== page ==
Grown-ups worry enough, so kids shouldn’t have to. Inadvertently, however, our worries can spill onto our children. For example, worrying about next month’s rent becomes a family problem the minute you think aloud.
Some parents intentionally worry their children with lectures on keeping their room clean, staying out of trouble, and getting good grades. While all that is important, it’s not what children should “worry” about. Webster’s Dictionary defines worry as follows: “to feel uneasy or anxious; torment oneself with or suffer from disturbing thoughts.” Regardless of how much we want our kids to pass a test or clean their room, we don’t want them to experience “disturbing thoughts” about it.
Instead of worrying about the little things, teach your kids to care about the big things that matter. Below are a few “big” things for which children should show concern. These duties blanket the many small things children tend to worry about.
Always do your best
Perhaps your child always strives for an A or maybe he/she wants to score with every shot at a basketball game. Try to make the situation less stressful by focusing on the process of playing rather than the goal of winning. When children focus on the finish, they are often thinking about the extrinsic, or external, reward they get in the end-a trophy, money, etc. However, the effort put forth while playing, studying, or participating should be the intrinsic, or internal, reward your child enjoys. This goal helps builds character and increases motivation. If children focus on doing their best, instead of winning, then their attitude will transfer to other tasks, such as doing their homework and cleaning their room.
Save for a rainy day
Children worry about money, especially when we don’t have it to give. Whether they need it for purchasing the latest pair of Nikes or buying lunch at school, children often worry about how they can get money or from whom they can get it. To quell this concern, have your child prepare for money worries by teaching them to save. Have them save a dollar or more from their weekly allowance. Make them put it in a piggy bank or pickle jar. Months later, they will be proud of how much they’ve accumulated, and instead of worrying about how to ask you for the latest video game, they will be able to buy it on their own.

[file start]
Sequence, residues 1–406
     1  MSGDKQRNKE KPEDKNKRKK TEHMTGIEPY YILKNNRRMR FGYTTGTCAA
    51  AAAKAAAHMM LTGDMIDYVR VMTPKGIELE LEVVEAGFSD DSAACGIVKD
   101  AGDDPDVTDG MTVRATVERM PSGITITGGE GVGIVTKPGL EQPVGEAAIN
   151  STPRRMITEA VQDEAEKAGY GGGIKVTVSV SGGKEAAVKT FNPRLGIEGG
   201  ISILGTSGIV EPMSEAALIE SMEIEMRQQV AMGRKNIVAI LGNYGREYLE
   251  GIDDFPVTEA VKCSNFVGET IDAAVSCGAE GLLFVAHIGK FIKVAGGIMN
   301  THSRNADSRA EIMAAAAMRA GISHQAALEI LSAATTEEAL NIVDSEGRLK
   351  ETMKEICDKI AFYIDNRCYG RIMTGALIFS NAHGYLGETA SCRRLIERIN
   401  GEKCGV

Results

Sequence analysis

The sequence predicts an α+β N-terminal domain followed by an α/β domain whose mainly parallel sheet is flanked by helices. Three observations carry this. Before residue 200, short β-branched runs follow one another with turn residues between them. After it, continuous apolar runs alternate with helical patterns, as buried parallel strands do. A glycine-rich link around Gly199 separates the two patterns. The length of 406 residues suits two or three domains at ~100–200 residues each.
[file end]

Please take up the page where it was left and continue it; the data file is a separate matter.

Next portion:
Many kids worry about their relationships with peers, whether it’s overcoming bullies or sitting with the popular kids at lunch. Sometimes the fear is so overpowering it causes kids to hate school and even drop out. Redirect your child’s fear from forging and ending friendships to being an overall good person. Whether it is the unpopular classmate or the custodian in the hall, teach your children that being good to others makes them feel good about themselves. Have your son help a classmate who struggles with a subject in which he’s an expert. Have your daughter befriend a child who sits alone at lunch. Soon they will start to care about how others feel and worry less about where they belong.
Because we want to prepare our children for this world, we sometimes put them through life boot camp by having them spend their free time studying, doing chores, and heeding our advice. Although these responsibilities are important, they are not necessarily fun. Remember that even though we want our children to be productive citizens, we also want them to know the meaning of happiness. Fun should be a necessity in your child’s life.
Some parents use fun time as a reward when it should really be on their child’s daily agenda. Meeting new friends, discovering interests, and laughing make children prosper. So when you want to deny your child the privilege of making a snowman in the backyard, think of the last time you had the time to make anything other than dinner. And remember that when children play, they have less time to worry about the little things.
Instead of making your children worry about a multitude of individual goals, encourage them to care about a couple of the critical ones. You’ll find they will worry less, but care about so much more.